During the thin film growth process using low-energy metal PVD, below room temperature, transition events with high activation barriers do not play a crucial role in the growth process, while transitions with low barriers occur freely. However, there are many cases in which the deterministic evolution processes are led by the acceptance frequency of certain transitions within a metastable energy barrier range.

In their work, the researchers constructed a virtual atomistic transition network and introduced this effective transition energy range – all transition barriers are measured relative to a certain small energy level considered as an "unstable transition level". The transition barriers are either taken from literature values or calculated using a simplified environmentally dependent many-body potential.

Identifying key mechanisms

The figures show the comparison of Ag nanostructures (upper left) produced by oblique PVD on ripple-like pre-patterned glass at room temperature with the group's simulation model (upper right) at 300 K. The arrows indicate the azimuthal deposition angle. The lower snapshots (i–iii) give the Ag cluster growth process simulated by the KMC. In this case, a value for the unstable transition energy border, the boost energy, of 0.20 eV is employed. This accelerates the simulation speed by a factor e0.2/kT ~ 2290.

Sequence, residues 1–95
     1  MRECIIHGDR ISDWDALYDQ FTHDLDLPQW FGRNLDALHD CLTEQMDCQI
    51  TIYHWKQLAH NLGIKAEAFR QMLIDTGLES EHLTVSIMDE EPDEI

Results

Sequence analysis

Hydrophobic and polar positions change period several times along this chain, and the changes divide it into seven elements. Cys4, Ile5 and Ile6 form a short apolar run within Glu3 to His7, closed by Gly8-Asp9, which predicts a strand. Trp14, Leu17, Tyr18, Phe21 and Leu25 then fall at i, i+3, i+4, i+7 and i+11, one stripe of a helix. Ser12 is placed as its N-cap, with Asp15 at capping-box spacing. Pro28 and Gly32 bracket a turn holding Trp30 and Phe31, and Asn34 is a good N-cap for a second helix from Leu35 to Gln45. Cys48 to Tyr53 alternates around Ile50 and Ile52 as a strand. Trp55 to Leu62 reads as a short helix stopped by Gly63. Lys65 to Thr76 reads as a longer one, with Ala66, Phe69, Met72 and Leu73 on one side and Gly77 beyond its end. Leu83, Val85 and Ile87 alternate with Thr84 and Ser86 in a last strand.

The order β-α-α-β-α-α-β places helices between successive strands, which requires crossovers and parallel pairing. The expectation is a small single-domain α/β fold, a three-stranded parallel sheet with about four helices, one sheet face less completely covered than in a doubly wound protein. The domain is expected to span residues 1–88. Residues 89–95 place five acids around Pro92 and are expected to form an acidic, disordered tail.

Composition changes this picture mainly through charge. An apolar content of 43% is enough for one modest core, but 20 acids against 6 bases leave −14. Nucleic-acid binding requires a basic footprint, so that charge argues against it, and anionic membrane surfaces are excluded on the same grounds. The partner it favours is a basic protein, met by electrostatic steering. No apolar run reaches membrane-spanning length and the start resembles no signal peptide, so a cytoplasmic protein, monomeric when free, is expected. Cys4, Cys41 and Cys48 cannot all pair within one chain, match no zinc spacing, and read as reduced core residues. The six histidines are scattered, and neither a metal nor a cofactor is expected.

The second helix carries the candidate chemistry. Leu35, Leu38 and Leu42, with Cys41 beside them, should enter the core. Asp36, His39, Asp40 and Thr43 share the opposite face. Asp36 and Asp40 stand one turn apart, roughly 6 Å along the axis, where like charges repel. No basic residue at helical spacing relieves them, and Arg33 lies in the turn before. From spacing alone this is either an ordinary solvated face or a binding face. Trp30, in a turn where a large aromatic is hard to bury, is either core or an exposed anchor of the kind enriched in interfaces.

Transition events with barriers above 0.20 eV, such as the Ag(100), Ag(110)-in channel surface ad-monomer migration, ad-monomer re-evaporation from the substrate and overcoming the Ehrlich-Schwoebel barrier are considered as metastable transition events and dominate the cluster growth process. Transition attempts below the boost energy such as Ag(111) surface ad-monomer migration are accepted freely without any appropriation for the simulation time step. This allows much longer KMC simulations to be performed than in the traditional approach and allows the key mechanism for nanowire formation to be identified, in this case the interplay between the arrival flux rate on the surface and re-evaporation.